A cone got one point for each criterion it met, and the result was a confidence ranking from 0 (no volcano here) to 5 (almost certainly a volcano). More than three-fourths of the cones considered scored above a 3, enough for Van Wyck De Vries and colleagues to “consider it reasonable to interpret these 138 cones henceforth as subglacial volcanoes.”
We note that 98% of the 47 previously identiﬁed volcanoes in West Antarctica achieved a conﬁdence score greater than 3.
The volcanoes are distributed across subglacial West Antarctica, but are especially concentrated in Marie Byrd Land (one cone per 11,200 square kilometers, plus or minus 600) and along a central belt roughly corresponding to the rift’s central sinuous ridge, with one cone per 7800 km2, square kilometers, plus or minus 400.
For comparison, the overall volcanic ediﬁce concentration along the East African Rift is roughly one volcano per 7,200 km2, rising to one volcano per 2,000 km2 in the densest regions. (footnotes omitted)
By the way, this use of “morphometry” from radar and satellite data has been widely used on the Earth’s surface, on the ocean floor and even in the study of other planets’ surfaces. But, the paper says, “to our knowledge, our study here is the first to use morphometry to identify volcanic edifices on the continental scale beneath Antarctica.”
(And if anybody begs to differ, I haven’t seen their objection turn up in the considerable buzz the paper has generated this week.)
But what does it mean?
And now we return to the discovery’s significance to the fate of a planet with a warming climate and rising seas, which depends mostly on the level of volcanic activity beneath the ice.
The paper does not offer predictions on that point, noting that current and past levels of activity in the West Antarctic Rift System, or WARS, have been “the subject of a long-standing debate, with one side advocating a largely inactive rift and others suggesting large-scale volcanism.” Excerpts:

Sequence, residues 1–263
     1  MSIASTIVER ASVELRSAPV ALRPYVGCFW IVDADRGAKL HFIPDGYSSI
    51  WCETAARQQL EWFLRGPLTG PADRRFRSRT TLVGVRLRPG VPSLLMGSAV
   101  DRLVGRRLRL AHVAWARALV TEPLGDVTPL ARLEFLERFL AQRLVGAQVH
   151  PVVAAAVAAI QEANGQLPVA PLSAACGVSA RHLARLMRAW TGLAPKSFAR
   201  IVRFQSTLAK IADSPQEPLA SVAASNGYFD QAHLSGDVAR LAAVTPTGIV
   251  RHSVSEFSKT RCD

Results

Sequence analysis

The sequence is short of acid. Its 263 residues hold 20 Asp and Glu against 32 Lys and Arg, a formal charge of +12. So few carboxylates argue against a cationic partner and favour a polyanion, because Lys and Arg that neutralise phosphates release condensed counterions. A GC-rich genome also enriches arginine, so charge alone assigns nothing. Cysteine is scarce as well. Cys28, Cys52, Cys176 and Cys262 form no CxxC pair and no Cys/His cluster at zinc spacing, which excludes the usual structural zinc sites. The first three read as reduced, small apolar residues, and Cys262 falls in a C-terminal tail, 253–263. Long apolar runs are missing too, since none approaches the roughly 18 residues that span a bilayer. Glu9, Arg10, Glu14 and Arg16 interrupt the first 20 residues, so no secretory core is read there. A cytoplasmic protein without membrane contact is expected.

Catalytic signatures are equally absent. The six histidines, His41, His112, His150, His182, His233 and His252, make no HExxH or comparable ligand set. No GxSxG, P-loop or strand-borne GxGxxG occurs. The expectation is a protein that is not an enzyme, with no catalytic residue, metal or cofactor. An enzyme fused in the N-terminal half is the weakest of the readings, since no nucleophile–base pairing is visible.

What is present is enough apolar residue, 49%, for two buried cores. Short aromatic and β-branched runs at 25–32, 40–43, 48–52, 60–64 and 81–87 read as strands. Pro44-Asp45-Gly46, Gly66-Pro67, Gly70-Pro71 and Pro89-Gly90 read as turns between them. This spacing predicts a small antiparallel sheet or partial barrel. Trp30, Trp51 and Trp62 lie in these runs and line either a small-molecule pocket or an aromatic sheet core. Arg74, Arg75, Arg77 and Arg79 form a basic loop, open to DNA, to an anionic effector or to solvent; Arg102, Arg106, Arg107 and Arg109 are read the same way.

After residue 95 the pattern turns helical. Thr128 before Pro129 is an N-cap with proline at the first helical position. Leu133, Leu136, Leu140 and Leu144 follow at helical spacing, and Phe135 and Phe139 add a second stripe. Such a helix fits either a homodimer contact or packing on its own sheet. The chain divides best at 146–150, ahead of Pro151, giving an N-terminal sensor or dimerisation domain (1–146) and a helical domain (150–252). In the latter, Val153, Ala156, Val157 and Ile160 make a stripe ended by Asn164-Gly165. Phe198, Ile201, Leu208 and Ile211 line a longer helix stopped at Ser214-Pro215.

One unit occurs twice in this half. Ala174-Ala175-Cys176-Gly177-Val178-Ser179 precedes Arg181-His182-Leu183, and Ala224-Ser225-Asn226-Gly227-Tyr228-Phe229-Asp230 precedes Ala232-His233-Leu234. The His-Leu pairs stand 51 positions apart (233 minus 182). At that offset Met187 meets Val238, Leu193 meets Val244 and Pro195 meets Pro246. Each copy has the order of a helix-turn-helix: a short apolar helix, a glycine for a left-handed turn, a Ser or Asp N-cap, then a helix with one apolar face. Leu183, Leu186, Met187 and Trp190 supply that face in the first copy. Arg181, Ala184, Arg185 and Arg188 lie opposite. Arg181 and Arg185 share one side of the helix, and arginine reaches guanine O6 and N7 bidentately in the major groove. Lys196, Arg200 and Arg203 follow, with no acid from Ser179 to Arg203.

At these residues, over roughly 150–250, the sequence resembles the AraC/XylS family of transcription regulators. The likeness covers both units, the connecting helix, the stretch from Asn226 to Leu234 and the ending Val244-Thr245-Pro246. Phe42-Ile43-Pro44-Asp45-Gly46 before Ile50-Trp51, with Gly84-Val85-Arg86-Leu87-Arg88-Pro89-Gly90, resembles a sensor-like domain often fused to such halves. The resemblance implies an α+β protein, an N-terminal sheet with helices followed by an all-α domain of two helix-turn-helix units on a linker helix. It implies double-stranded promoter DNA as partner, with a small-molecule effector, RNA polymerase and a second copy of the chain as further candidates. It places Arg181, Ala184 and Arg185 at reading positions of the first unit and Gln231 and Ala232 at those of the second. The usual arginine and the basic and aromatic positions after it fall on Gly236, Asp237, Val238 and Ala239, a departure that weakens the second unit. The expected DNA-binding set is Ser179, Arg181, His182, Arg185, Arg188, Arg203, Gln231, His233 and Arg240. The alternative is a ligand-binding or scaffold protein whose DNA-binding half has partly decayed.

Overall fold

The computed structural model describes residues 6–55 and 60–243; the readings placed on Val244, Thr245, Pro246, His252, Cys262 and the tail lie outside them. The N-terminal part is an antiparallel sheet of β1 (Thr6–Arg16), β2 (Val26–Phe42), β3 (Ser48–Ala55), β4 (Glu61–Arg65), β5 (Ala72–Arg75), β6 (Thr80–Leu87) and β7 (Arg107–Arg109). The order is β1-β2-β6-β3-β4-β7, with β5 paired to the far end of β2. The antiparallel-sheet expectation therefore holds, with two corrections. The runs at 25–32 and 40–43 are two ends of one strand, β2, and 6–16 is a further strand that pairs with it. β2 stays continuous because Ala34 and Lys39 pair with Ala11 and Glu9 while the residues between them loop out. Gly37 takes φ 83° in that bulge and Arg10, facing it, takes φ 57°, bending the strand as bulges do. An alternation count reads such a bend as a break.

The arguments in favor of an inactive rift are based on the anomalously low elevation of the WARS compared to other active continental rifts and the relative absence of basalt pebbles recovered from boreholes. Conversely, high regional heat fluxes, geomagnetic anomalies and evidence of recent subglacial volcanism suggest the rift is currently active.
The largely uneroded nature of the cones suggests that many may be of Pleistocene age or younger, which supports the argument that the rift remains active today.
Several previous studies have suggested that the Marie Byrd Land massif is supported by particularly low-density mantle, possibly comprising a volcanic “hotspot.” … Recent seismic activity in Marie Byrd Land has been interpreted as currently active volcanism.
In the Pine Island Glacier catchment, strong radar-sounded and glacial reflectors have been interpreted as evidence of a local eruption that occurred approximately 2,000-2,400 years ago, while, on the opposite rift flank in the Transantarctic Mountains, Mount Erebus comprises a known active volcano located above another potential volcanic hotspot.
The paper suggests it is unlikely that volcanic activity has had much to do with the ice sheet’s current retreat, but concludes that it could be a factor in the future by causing the ice to melt at its base and lubricating its slide toward the sea.
And it notes that continued thinning of the ice cover, as a consequence of global warming, could stimulate volcanic eruption by reducing pressure on the rocky crust that’s holding all that molten rock in the ground – a process already observed in Iceland and elsewhere.
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Van Wyck De Vries’ full paper, “A new volcanic province: an inventory of subglacial volcanoes in West Antarctica,” can be found here and read without charge.